It would have been the council's responsibility to do something about that whoever had lived in the property, because the threat came from land owned by the council.

In the long run trying to stop rocks falling from the cliffs would have been like a much riskier version of King Canute's challenge to the waves.

However, once the purchase was complete there is no good reason not to publish it, either in the council's accounts or within the transparency information which the government now requires councils to provide.

It does not appear to be included on the transparency pages which list expenditure over £500, which this may simply indicate that the purchase went through before this information began to be published.

I am checking whether the statement in the local press that the council has refused to publish the price is correct, and if so why.
Anonymous said…
No doubt the Council paid more than the house was worth, but will they reveal the price paid and any independant valuation?
Chris Whiteside said…
This is not the first time that Copeland's unhealthy culture of secrecy has resulted in people jumping to exactly that kind of conclusion.

Sometimes when it is the exact opposite of the truth but frankly Copeland BC have only themselves to blame.

I am trying to establish why the sum paid for the house has not been published.
Chris Whiteside said…
I am advised that

1) the purchase appears to have been completed in August, e.g. before Copeland started to publish details of all expenditure over £500.

2) The statement that the council was not saying how much it would pay for the house appears to date from before completion of the sale.

For reasons which should be obvious to anyone of reasonable intelligence, the laws requiring councils to publish what they are doing specifically exempt proposed purchases or sale of land and property which are not complete.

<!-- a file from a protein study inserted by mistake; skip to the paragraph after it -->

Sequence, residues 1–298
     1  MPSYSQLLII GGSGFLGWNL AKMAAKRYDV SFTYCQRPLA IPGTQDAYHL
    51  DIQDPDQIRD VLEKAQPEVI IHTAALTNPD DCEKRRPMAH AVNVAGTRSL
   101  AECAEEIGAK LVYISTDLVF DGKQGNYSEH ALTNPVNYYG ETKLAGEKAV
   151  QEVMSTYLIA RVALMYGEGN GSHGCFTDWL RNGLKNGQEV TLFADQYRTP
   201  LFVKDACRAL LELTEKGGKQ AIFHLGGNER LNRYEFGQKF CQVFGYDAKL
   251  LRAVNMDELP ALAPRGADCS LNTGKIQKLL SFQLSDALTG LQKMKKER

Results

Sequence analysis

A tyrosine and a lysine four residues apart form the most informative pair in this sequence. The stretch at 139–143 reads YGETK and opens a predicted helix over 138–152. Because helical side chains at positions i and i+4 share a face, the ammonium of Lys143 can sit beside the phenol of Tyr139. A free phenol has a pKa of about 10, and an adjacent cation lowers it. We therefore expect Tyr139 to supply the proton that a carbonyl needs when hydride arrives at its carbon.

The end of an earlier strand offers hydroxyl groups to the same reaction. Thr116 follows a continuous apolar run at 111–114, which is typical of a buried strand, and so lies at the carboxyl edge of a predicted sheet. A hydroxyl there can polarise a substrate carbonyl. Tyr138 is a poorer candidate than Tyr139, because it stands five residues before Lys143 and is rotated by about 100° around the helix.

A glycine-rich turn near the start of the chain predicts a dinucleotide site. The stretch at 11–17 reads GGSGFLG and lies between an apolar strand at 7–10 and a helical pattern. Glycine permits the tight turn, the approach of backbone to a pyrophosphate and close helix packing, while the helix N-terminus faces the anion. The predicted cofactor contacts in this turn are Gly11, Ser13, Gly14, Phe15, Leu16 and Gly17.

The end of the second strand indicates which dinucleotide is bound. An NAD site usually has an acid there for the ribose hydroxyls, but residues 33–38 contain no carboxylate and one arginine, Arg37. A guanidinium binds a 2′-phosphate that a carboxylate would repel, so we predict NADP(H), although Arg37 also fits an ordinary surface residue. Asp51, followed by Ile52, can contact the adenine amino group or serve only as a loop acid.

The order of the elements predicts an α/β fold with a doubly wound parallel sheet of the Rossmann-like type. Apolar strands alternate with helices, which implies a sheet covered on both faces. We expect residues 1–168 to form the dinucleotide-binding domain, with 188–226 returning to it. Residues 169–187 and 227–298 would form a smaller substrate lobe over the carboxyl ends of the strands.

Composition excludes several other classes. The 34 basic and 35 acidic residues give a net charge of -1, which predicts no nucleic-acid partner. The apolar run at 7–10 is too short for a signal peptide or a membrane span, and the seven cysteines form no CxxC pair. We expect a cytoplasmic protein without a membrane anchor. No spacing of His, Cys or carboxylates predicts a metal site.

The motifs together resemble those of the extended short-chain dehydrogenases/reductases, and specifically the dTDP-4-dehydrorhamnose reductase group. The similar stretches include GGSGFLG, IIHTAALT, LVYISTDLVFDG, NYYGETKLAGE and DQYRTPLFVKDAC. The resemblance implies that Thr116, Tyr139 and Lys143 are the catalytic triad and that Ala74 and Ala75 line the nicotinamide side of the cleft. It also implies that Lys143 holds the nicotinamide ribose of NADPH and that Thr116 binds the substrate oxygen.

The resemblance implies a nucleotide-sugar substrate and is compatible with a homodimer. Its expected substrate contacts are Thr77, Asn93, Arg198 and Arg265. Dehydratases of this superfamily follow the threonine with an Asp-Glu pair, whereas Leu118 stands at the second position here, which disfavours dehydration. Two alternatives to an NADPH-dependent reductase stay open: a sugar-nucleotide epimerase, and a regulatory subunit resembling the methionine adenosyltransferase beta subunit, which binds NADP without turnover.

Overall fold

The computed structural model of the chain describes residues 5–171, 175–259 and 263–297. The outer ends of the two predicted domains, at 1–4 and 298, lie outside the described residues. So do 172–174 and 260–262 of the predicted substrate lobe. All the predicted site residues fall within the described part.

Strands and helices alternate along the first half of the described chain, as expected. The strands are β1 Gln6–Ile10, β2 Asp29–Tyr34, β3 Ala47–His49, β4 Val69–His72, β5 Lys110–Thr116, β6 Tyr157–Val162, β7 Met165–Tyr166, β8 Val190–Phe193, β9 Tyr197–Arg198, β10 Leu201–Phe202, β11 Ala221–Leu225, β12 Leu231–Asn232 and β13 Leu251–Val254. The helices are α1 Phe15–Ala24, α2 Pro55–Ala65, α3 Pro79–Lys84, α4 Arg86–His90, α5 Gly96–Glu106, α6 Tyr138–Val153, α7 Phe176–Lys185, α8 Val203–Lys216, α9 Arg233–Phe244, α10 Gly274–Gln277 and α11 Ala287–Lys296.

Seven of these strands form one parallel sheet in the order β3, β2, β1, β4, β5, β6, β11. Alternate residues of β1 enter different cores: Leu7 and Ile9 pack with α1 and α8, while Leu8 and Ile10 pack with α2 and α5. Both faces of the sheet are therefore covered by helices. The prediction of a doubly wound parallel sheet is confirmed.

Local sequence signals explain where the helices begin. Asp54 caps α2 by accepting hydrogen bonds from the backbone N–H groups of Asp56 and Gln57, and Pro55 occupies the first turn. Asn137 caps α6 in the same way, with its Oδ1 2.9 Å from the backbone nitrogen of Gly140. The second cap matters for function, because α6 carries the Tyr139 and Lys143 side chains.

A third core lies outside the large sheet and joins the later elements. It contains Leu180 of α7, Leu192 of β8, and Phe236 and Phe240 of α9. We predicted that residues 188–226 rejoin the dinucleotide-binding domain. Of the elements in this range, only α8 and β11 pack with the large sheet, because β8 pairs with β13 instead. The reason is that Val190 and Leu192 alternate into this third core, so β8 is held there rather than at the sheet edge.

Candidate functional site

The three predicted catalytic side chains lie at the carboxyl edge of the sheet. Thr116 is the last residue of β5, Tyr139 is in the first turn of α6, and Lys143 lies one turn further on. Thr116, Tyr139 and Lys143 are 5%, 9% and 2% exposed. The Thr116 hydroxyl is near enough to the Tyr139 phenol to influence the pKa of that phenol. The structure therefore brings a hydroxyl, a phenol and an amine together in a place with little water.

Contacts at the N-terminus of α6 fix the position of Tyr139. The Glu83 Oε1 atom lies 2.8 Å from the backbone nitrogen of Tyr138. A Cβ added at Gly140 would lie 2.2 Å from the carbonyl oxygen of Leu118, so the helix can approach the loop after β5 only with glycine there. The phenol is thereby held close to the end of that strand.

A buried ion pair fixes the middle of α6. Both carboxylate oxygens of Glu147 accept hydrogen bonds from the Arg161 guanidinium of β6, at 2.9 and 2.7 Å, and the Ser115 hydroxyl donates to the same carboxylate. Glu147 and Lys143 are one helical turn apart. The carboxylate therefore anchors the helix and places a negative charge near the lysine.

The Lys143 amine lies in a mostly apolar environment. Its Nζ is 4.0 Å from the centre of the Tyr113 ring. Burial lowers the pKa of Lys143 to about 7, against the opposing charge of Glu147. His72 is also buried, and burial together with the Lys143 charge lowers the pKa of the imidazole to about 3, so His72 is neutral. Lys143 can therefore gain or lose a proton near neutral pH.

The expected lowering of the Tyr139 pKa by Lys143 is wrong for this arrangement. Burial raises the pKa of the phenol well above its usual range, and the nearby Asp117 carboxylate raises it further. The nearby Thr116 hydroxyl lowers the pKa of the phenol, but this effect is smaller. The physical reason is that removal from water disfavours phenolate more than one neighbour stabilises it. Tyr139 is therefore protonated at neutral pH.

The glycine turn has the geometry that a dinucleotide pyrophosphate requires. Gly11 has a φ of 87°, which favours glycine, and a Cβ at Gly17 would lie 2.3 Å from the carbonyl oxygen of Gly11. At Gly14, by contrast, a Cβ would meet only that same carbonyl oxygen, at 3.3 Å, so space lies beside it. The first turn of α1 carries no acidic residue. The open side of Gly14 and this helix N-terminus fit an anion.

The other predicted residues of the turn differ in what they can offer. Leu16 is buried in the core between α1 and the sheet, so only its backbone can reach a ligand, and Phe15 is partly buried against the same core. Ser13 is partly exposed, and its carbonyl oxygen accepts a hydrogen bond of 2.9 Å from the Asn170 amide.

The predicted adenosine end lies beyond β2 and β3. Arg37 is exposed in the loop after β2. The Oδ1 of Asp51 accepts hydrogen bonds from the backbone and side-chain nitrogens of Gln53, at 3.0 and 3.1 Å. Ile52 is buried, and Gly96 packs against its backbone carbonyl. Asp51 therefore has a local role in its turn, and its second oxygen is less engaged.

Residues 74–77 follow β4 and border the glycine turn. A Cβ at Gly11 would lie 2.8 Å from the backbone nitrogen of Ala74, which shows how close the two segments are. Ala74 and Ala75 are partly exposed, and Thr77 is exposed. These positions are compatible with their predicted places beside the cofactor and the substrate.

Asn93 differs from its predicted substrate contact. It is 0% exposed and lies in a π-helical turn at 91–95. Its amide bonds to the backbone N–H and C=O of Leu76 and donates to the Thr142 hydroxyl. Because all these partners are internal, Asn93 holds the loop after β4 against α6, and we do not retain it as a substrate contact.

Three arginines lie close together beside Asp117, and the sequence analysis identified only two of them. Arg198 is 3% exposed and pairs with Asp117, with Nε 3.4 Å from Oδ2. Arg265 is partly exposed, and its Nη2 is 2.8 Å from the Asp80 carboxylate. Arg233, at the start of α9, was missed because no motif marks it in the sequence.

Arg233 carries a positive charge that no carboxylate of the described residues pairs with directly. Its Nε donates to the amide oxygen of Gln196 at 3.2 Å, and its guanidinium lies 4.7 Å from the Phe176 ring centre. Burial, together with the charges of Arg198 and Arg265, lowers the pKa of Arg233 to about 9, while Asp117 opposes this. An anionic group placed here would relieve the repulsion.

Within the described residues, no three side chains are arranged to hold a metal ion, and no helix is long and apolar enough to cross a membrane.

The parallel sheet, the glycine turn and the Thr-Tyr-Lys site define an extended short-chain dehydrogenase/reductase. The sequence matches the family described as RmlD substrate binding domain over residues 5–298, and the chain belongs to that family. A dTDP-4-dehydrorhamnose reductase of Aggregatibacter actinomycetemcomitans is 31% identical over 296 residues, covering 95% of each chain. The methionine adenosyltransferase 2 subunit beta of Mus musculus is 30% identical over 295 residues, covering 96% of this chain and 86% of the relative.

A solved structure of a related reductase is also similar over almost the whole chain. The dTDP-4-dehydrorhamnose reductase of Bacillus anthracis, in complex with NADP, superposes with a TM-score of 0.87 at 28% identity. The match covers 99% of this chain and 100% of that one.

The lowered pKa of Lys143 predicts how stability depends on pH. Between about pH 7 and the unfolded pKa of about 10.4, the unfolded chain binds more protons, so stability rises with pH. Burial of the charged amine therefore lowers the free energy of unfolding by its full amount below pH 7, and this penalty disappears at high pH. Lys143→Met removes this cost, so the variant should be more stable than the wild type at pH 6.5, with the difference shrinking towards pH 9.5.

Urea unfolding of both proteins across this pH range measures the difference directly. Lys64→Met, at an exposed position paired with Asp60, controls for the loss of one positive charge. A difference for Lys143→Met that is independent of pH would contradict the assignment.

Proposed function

If councils had to publish their bargaining position, that would give those who are buying or selling from them an unfair advantage and cost local taxpayers a fortune.

So obviously, it would have been quite wrong for Copeland to publish how much the council was prepared to pay before the sale was finalised.

3) However, now that it is several months after completion, the price paid is in the public domain. You can check it for yourself on any of the websites which publish land registry data on the prices at which property has changed hands, such as

The postcode of the property is
CA28 6AY (note that the address is officially listed as North Shore rather than the Wagon Road.)
Anonymous said…
Chris, in December long after completion, Pat Graham for the Council refused to disclose how much they had paid for the property . Why the secrecy? who knows. Was it 'Best Value'?, again it's all shrouded in secrecy.
Chris Whiteside said…
I have known statements made to local papers which were accurate at the time they were made to be republished months later when they had become completely out of date.

I suspect that is what happened here.

Anyway, if you look at the website mentioned a couple of posts up you will see that the price paid is in the public domain.